Prime Minister Tony Abbott has promised a “deeper and stronger” engagement with coalition backbenchers following his decision to dump Liberal elder Philip Ruddock as government chief whip.
“I’ve made a very strong commitment for a deeper and stronger engagement with the backbench of our party and that is why I’ve chosen to renew the … team,” Mr Abbott told reporters in Sydney.
“Obviously I have nothing but the deepest respect for Philip Ruddock.”
He said Mr Ruddock had been a “mighty servant” of the country and parliament and was looking forward to him continuing to serve the “parliament and the government in the days and weeks and months ahead”.
The prime minister’s comments come after he replaced Mr Ruddock in the role with his deputy, Queensland MP Scott Buchholz, on Friday.
The move has reportedly sparked a fresh round of bickering in coalition ranks following a number of controversial “captain picks” by Mr Abbott, including the decision to award Prince Philip an Australian knighthood.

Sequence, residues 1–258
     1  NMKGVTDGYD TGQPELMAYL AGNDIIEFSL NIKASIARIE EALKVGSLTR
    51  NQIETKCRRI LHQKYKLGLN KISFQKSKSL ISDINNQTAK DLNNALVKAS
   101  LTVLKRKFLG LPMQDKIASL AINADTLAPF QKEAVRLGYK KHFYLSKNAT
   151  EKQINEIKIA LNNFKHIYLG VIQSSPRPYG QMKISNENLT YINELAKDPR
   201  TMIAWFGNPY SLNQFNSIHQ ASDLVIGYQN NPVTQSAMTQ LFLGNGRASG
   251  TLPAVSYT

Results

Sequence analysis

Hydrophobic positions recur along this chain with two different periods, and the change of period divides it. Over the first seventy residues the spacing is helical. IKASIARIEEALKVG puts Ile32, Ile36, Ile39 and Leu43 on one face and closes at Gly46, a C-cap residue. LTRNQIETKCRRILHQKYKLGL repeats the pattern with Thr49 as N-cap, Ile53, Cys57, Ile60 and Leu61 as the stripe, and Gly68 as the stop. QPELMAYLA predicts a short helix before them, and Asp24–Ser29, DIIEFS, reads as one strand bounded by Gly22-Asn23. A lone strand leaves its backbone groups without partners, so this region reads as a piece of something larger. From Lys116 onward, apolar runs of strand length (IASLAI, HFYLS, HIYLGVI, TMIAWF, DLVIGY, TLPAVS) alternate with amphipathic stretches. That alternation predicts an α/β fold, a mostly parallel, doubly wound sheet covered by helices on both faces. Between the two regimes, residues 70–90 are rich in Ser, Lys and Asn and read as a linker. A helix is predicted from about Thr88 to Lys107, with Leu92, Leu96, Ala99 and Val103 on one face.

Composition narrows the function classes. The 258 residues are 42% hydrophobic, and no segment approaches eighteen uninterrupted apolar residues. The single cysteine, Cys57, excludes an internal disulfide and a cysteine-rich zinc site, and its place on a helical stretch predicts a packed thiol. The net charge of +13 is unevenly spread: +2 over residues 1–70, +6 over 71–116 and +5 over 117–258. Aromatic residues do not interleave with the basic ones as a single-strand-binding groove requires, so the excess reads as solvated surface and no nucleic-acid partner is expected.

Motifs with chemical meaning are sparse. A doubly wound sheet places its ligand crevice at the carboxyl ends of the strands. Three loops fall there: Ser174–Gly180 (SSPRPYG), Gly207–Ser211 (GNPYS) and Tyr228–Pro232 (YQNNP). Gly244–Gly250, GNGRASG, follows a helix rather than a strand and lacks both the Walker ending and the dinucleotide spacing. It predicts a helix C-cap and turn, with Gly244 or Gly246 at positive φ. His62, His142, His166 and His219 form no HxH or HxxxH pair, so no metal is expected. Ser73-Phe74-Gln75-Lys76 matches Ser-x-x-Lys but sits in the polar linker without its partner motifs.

Abbott loyalist and assistant treasurer Josh Frydenberg on Saturday said he had spoken to Mr Ruddock following the sacking, and that the former whip understood the position was a “gift of the prime minister”.
The decision to replace Mr Ruddock is being seen as a result of Monday’s move for a leadership spill motion.
Mr Abbott won the motion with 61 votes against the spill and 39 MPs for – about twice the number anticipated by Mr Abbott’s supporters.
It has been suggested that the whip – the party’s enforcer and a link between senior ranks and the backbench – had failed to flag to the seriousness of discontent among Liberal MPs.
Queensland Liberal Andrew Laming described the sacking of Mr Ruddock as a “scapegoating of Goliath proportions”, News Corp Australia reported.
Speaking at the launch of an Anzac Day charity event in Sydney, Mr Abbott described Mr Ruddock as a friend, colleague and supporter.
“I have nothing but respect, friendship and admiration for Philip who has been a great servant of our country and our party for more than 40 years,” he said.
Philip Ruddock career highlights
– Elected to House of Representatives, 1973
– Minister for immigration and multicultural affairs, 1996-2001
– Minister for immigration and multicultural and indigenous affairs, 2001-03
– Minister for administrative services, 1997
– Minister assisting the prime minister for reconciliation, 1998-2003
– Minister for reconciliation and Aboriginal and Torres Strait Islander affairs, 2001
– Attorney-general, 2003-07
– Chief government whip, 2013-15